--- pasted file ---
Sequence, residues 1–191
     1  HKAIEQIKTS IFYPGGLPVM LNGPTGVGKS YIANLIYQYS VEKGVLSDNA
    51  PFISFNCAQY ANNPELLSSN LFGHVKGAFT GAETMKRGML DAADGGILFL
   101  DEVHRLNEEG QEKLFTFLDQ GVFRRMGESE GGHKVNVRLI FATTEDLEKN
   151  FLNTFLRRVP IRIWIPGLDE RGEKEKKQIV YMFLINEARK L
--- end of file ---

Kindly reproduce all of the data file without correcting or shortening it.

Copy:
Sequence, residues 1–191
     1  HKAIEQIKTS IFYPGGLPVM LNGPTGVGKS YIANLIYQYS VEKGVLSDNA
    51  PFISFNCAQY ANNPELLSSN LFGHVKGAFT GAETMKRGML DAADGGILFL
   101  DEVHRLNEEG QEKLFTFLDQ GVFRRMGESE GGHKVNVRLI FATTEDLEKN
   151  FLNTFLRRVP IRIWIPGLDE RGEKEKKQIV YMFLINEARK L